For the rural areas in Assam where her organization operates, Ishita gives the example of a cultural festival Bhavna held in Naamgharsor places of worship where plays based on mythological stories are shown.

The female characters in these films are mostly played by men with feminine personalities. During festivals, they are widely praised and their feminine traits are applauded, but if not noticed, they can become victims of harassment.

“They were threatened, sexually exploited, harassed,” Ishita explains.

The path of progress is slow

In recent years, there have been positive legal and policy decisions recognizing the LGBTQIA+ community in India. This includes the 2014 NALSA (National Legal Services Authority) decision, in which the court upheld the right of people to identify their own gender and that of hijras and kinnar (transgender people). recognized by law as ‘third gender’.

In 2018, the application of sections of Section 377 of the Indian Penal Code to criminalize private consensual sex between men was ruled unconstitutional by the Supreme Court of India. Furthermore, in 2021, a landmark judgment of the Madras High Court directed the state to provide comprehensive welfare services to the LGBTQIA+ community.

Over the past 40 years, the Rainbow Pride flag has become synonymous with the LGBTQ+ community and the fight for equal rights and acceptance across the globe.

United Nations advocacy

Communication is an important way to promote dialogue and help create a more tolerant and inclusive society, and over time, can even change mindsets.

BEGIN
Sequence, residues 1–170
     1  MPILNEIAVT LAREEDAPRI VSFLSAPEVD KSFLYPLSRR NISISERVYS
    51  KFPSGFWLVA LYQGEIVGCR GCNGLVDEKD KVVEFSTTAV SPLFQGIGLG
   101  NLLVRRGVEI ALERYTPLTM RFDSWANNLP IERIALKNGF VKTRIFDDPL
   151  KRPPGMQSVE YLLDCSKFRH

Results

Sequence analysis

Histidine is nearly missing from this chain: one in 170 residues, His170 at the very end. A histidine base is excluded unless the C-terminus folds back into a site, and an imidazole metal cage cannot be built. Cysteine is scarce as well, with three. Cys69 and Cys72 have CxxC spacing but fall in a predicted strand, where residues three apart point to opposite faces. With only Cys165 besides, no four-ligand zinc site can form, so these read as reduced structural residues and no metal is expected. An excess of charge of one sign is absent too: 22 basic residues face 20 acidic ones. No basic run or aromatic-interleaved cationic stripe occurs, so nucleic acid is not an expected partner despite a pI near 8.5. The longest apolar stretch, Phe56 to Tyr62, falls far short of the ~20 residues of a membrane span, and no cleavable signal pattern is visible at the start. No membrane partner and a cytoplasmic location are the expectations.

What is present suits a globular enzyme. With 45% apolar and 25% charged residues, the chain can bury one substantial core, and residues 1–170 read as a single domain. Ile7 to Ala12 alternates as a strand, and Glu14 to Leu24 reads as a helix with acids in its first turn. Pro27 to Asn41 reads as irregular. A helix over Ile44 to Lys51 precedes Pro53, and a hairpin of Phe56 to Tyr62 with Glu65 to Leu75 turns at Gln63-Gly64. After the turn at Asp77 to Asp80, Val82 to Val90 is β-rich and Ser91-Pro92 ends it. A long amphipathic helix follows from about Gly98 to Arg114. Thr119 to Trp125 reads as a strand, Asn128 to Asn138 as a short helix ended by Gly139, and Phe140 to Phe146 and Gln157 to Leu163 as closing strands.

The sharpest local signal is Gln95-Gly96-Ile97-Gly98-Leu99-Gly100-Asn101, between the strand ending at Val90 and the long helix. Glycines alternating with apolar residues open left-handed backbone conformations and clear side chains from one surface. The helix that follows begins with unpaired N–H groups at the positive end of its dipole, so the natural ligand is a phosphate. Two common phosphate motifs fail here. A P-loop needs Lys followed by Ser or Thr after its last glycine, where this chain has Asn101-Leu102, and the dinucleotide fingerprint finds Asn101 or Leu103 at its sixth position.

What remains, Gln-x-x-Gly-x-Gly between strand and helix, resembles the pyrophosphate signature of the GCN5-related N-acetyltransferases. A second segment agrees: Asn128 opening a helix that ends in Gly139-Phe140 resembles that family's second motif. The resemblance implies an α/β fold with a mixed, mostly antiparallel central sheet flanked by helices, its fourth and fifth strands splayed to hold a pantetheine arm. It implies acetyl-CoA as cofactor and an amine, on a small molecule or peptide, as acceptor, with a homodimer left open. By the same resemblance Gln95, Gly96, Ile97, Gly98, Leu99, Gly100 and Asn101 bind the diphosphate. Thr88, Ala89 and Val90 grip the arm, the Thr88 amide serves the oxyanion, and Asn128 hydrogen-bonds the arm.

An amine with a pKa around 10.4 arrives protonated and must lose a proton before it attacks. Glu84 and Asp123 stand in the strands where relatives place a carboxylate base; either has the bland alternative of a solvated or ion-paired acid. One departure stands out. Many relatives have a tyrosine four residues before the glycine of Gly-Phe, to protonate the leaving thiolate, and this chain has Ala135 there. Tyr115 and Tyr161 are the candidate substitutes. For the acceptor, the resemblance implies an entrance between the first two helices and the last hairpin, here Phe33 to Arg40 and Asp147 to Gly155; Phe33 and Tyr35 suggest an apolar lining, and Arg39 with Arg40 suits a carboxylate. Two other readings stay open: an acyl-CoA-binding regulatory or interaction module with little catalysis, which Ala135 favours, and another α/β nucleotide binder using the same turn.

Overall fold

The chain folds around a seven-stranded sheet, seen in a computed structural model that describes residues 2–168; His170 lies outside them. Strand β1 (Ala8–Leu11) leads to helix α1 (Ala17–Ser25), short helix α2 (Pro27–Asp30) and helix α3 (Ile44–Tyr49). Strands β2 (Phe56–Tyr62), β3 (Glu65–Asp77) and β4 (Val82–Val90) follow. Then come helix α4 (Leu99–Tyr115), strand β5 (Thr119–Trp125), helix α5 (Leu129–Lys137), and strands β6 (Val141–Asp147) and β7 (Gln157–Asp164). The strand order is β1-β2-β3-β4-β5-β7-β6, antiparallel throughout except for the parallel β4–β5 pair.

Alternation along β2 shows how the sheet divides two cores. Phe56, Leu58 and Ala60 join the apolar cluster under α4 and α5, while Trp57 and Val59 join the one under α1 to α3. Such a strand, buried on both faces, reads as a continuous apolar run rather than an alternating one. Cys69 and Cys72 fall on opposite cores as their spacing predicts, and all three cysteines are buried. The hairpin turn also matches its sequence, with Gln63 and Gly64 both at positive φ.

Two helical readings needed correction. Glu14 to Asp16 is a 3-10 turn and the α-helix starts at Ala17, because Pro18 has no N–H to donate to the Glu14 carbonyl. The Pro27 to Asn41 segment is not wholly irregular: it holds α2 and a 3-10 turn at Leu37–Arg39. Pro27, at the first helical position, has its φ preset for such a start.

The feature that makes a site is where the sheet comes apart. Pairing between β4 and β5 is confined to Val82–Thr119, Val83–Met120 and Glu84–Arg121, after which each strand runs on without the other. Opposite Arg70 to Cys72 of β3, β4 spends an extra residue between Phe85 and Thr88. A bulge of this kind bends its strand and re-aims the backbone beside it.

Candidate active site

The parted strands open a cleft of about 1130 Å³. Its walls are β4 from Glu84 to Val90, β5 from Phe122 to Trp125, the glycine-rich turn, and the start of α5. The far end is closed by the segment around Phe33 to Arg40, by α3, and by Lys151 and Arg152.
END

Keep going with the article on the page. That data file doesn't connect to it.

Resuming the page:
To achieve this purpose, United Nations Womenin collaboration with India’s Ministry of Women and Child Development, recently contributed to the development of a comprehensive gender communication guide.

Meanwhile, the UNAIDS and UNDP offices in India are working to support the LGBTQIA+ community by conducting awareness and empowerment campaigns, as well as providing those communities with protection services better health and society.

“UNAIDS supports LGBTQ+ leadership in the HIV response and human rights advocacy, and is working to address discrimination and discrimination,” said David Bridger, UNAIDS Country Director in India. help build inclusive societies where everyone is protected and respected.”

“The HIV response has clearly taught all of us that to protect people’s health, we must protect people’s rights,” he added.

Compliant with the United Nations Agenda 2030 for sustainable development and the Organization’s broad commitment to ‘leaving no one behind’, UNDP is working with governments and partners to strengthen laws, policies and programs to address inequality and seek to ensure respect for the human rights of LGBTQIA+ people.

Through the program “Being LGBTI in Asia and the Pacific”, UNDP has also launched relevant regional initiatives.

Opportunities and challenges

UNDP India Country Program Director (Health Systems Strengthening Unit), Dr. Chiranjeev Bhattacharjya said: “At UNDP India, we have worked very closely with the LGBTQI community to promote rights their”.

Indeed, he continued, there are now many opportunities to support the community due to progressive legal milestones such as the NALSA judgment, decriminalization of same-sex relationships (377 IPC) and the Transgender Persons Act. (Protection of Rights) 2019 has raised awareness about their development.

“However, there are implementation challenges that require the cooperation of many stakeholders and we will continue to work with the community to address them so that no one is left behind,” he said. .

Even as India’s legal landscape has moved towards greater inclusion with the repeal of Section 377, the country’s LGBTQIA+ community is still waiting for recognition – and justice – as it deals with many areas in their daily lives and interactions, for example: who can be designated ‘ next of kin if a person is hospitalized; Can a partner be added to a life insurance policy; or whether gay marriage is recognized by law.